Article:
I've heard from so many of you already expressing your excitement to get started and make 2023 a great, clutter free and organized year for yourself, your home and your family. I am honored that you'd let me help you with this goal, and I don't want to disappoint.
I am also honored and appreciate when I receive tips and more organization ideas from you wonderful women (and men), who have such creativity, passion and design sense. My hope for this site is to make it a community where we can all share ideas about what's working, and brainstorm ways to fix areas that aren't in our homes, especially as it deals with organization and storage. The beauty of home organization is that there is no one "right" way, but many ways that may work. I love that!
If you're enjoying these challenges, and know of someone else who may also benefit from them I would really appreciate you passing the link on to them.
Have you gotten your 2023 Declutter 365 calendar yet, which provides daily 15 minute decluttering missions?
As you know now, the first step in any organization project is to decluter, so these daily missions track with the 52 Week Organized Home Challenge, decluttering the same areas we then want to organize, so you can accomplish that key first decluttering step in the process.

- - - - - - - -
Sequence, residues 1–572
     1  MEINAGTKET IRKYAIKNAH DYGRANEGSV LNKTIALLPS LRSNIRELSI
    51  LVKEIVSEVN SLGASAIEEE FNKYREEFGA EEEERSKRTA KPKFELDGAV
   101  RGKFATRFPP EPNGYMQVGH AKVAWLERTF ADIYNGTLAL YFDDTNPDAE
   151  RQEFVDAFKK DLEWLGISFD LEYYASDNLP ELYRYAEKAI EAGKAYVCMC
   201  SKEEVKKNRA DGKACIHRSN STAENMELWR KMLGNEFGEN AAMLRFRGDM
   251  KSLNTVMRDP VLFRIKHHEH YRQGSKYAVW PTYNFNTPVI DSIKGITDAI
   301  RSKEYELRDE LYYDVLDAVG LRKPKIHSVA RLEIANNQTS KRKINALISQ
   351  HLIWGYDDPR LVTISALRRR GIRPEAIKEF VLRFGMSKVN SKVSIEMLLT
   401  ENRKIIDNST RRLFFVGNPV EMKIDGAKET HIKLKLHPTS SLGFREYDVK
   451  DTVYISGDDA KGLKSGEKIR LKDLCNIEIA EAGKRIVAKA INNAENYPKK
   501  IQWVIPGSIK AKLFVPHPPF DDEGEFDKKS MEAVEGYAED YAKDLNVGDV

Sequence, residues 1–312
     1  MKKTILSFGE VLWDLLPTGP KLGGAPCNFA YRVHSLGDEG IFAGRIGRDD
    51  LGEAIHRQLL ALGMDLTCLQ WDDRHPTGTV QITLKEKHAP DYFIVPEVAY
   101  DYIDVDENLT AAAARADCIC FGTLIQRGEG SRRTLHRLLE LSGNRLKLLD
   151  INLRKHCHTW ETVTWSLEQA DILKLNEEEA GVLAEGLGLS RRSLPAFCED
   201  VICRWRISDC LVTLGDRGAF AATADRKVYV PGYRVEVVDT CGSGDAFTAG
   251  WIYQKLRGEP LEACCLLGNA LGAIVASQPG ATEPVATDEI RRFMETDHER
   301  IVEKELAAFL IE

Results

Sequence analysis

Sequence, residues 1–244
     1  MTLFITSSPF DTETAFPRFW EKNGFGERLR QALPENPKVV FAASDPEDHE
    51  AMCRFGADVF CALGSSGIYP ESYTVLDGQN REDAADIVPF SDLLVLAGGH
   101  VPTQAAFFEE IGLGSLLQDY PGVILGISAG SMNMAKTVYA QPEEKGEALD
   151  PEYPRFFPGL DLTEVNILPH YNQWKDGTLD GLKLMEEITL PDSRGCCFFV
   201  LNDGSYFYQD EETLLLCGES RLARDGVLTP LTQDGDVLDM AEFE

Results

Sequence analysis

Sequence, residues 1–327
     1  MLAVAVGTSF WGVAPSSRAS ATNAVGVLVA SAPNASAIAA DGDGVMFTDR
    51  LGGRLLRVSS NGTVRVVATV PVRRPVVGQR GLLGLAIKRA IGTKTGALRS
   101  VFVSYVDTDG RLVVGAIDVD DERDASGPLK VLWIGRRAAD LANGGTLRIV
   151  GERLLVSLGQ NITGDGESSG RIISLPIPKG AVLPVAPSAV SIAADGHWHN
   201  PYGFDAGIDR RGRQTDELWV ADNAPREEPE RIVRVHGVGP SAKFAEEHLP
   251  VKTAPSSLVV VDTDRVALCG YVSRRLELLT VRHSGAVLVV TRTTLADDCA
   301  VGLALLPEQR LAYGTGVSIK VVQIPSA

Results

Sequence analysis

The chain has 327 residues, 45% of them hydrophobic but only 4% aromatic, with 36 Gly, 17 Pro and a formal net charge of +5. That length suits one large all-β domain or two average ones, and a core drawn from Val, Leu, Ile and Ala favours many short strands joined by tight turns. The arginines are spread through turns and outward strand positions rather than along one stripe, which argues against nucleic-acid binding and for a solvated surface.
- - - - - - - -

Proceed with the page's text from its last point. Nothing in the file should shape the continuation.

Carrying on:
That means by doing both the daily missions and the weekly challenges you could have your whole house both clutter free and organized by the end of 2023! How awesome is that?
Please note that if you're already subscribed to the newsletter you don't have to do anything to get it the latest calendar. Instead, it's been sent to you via email, through a link in the newsletter. There is no need to resubscribe for 2023, you're already set and ready to go, and the calendar should already be in your email inbox!
Get your copy of the printable one page 52 Week Organized Home Challenge schedule for the year here, so you can see all the challenges we're working on.
Further, if you'd like to join a community of others who are all commmitted to these organizing challenges and corresponding decluttering missions, and want more interaction with me, Taylor, video archives of Taylor providing more tips for each of these challenges and missions, as well as live monthly group coaching sessions focusing on the skills and habits necessary to maintain your home from now on, I'd urge you to join the private and exclusive Declutter 365 Premium Facebook group (you can learn more about it at the link).
In addition, have you gotten your Declutter 365 Products yet, to make sure you can get even more assistance with decluttering and organizing your home this year? There are both free products (like the Declutter 365 calendar, a $20 value), as well as add-ons, such as daily text messages, planner stickers, and a Premium Facebook group, as well as a pack of printabe decluttering checklists.
I would love to hear from you, sharing your thoughts, questions, or ideas about this topic, so leave me a comment below. I try to always respond back!